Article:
425

A310-203

 

142

428

A310-204

 

142

443

A310-304

 

153

438

A310-308

 

164

432

A310-221

 

142

438

A310-222

 

142

443

   

142

443

A310-322

 

153

431

   

153

431

A310-324

 

157

427

A310-325

 

160

425

 

164

421

Aircraft

MTOW (KG X 1000)

Distance (NM)

A330-202

 

230

423

A330-301

212

to 218

412

A330-223

 

230

431

A330-321

212

to 218

420

A330-322

212

to 218

432

A330-341

212

to 218

417

A330-342

212

to 218

431

Aircraft

MTOW (KG X 1000)

Distance (NM)

A319-111

70

394

A319-112

75.5

387

A319-113

70

394

A319-114

75.5

386

A319-131

70

408

A319-132

75.5

405

A320-111

73.5

383

A320-211

75.5

379

A320-212

77.0

376

 

73.5

403

A320-214

75.5

to 77

400

 

73.5

408

A320-231

75.5

405

77

403

A320-232

73.5

405

A320-233

75.5

to 77

402

A321-111

83

394

A321-112

85

392

A321-211

89

385

 

83

389

A321-131

   

A321-231

85

385

89

373

Chap 3, Operational approval: How to get it

Chap 3, Operational approval: How to get it

b) ETOPS is required, which diversion time ?

After having drawn the 60 min circles as determined above, some routes may not be covered by these circles. Thus these routes are ETOPS and higher diversion time (above 60 min) is required

Process as explained in paragraph ‘a.1.2'. When using the table of the FCOM, choose a diversion time higher than 60 min (90 min, 120 min, 150 min or 180 min) with the same speed schedule and the same reference weight as used when defining the 60 min diversion distance. If intermediate diversion time is required (for example: 75 min or 105 min), do an interpolation.

For JAR operators who have used the tables given above in paragraph ‘a.2', the rule as explained in paragraph ‘a.1.2' has to be used for diversion time above 60 min. The speed schedule and the applicable reference weight have to be determined.

NOTE: - For the A310/A320/A321, the maximum diversion time in the Flight Manual is 120 Min. The distances of the tables covering diversion time above 120 Min, are given for information only.

Chap 3, Operational approval: How to get it

Chap 3, Operational approval: How to get it

SUMMARY:

For each ETOPS sector, relevant information can be summarized in a table and in a drawings as follows (this example is given for information only and it is not a real ETOPS study):

A330-301

 

ROUTES R111, R112, R113 Flight AAA / BBB Destination Alternate: DAA, DBB

Reference Weight:

200

000 Kg

Speed schedule:

MCT / 330 KT FL 140 ISA + 10

FL for diversion:

Temperature:

Circle Ranges / Diversion time:

 

60 Min:

430

NM

120 Min:

837

NM

En route Alternate Airports:

E.ALT1, E.ALT2

ETOPS Entry Points:

430

NM,

R111

from AAA and E.ALT2 from E.ALT1 and E.ALT2 from E.ALT1 and E.ALT2

R112

R113

ETOPS Sector length:

 

R111

1450 NM

R112

900

NM

R113

950

NM

R112 R113 ETOPS Sector length:   R111 1450 NM R112 900 NM R113 950 NM 49
Chap 3, Operational approval: How to get it

Chap 3, Operational approval: How to get it

c) How to get ETOPS operational approval:

The first consideration for a potential ETOPS operator is to ensure that the candidate aircraft has received an ETOPS Type Design Approval (see chapter 2).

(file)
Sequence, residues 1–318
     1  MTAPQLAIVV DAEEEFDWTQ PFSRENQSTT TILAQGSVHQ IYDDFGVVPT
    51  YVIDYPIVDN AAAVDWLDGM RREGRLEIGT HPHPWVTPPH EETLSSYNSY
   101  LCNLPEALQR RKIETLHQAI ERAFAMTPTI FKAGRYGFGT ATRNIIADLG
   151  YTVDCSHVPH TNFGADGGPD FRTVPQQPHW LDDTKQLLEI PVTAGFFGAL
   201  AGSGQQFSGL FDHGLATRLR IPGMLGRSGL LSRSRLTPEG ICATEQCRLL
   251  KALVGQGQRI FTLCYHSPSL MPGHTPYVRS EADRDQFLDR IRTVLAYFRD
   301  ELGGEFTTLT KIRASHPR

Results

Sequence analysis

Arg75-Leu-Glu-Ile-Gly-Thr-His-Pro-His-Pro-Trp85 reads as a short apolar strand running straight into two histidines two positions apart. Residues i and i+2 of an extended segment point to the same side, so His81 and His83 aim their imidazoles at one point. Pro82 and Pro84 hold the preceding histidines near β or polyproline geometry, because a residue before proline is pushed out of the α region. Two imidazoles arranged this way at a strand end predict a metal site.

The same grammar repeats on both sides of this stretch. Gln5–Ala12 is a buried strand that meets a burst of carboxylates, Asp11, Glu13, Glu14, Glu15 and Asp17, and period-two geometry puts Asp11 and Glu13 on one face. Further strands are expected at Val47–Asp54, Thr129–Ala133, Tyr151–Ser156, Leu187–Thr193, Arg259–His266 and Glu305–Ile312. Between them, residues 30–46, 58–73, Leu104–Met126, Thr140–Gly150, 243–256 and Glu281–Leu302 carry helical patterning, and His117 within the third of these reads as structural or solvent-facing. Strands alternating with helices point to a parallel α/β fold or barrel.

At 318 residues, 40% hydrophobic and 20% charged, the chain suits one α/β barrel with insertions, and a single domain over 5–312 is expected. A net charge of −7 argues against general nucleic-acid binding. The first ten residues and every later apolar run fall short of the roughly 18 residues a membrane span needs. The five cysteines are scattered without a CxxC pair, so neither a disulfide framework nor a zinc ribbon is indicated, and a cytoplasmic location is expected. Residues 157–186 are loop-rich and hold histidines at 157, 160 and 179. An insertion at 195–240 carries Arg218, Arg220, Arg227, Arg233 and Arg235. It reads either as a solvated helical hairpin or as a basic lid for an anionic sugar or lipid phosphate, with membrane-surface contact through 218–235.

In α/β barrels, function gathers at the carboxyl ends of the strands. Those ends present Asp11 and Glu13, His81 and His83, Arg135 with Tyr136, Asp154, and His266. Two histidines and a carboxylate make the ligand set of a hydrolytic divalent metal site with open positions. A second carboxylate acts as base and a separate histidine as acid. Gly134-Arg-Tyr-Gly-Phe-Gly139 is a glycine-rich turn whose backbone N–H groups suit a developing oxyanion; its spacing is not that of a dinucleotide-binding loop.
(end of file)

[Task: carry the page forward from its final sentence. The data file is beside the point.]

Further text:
The second step is to get ETOPS Operational Approval from its national operational authority to operate ETOPS.

The ETOPS regulations (listed in page 21) provide guidelines and requirements for operational approval. In the case a National ETOPS regulation does not exist, the National Airworthiness Authority may select an existing ETOPS rule (e.g.: AMJ / FAA )

Furthermore, JAA members have to refer also to the JAR OPS regulation.

In any case, the operators should submit their requests, at least 3 months prior to the proposed start of ETOPS operations (6 months in case accelerated ETOPS approval).

To obtain the ETOPS Operational Approval, the airline must demonstrate its competence to its authority. In other words, the airline has to prove that it has the appropriate experience with the airframe/engine combination under consideration and that it is familiar with the intended area of ETOPS operation.

Although the Operational Approval rules are documented, each operational authority may choose the "means of compliance" stating the exact method that an airline may use to show its readiness.

It is worth noting that the wording "Operational Approval" does not refer only to the approval of the airline's flight operations organization and procedures but, more broadly, to all of the following aspects: aircraft configuration, maintenance practices, ETOPS training and dispatch practices.

To get approval for 120-minutes diversion time, the regulations require that the candidate airline accumulates 12 months of consecutive in-service experience with the candidate airframe/engine combination, or less if the airline can successfully demonstrate its "ability and competence to achieve the necessary level of reliability" required for ETOPS operations. The latter approach, termed "Accelerated ETOPS Approval", is readily accepted by all authorities and they have published guidelines to the effect.

Chap 3, Operational approval: How to get it

Chap 3, Operational approval: How to get it

The accelerated ETOPS approval concept is based on a structured programme of compensating factors and a step-by-step approach which is explained further. This is the same philosophy as the Technical Transfer Analysis used to accelerate the aircraft ETOPS Type Design Approval.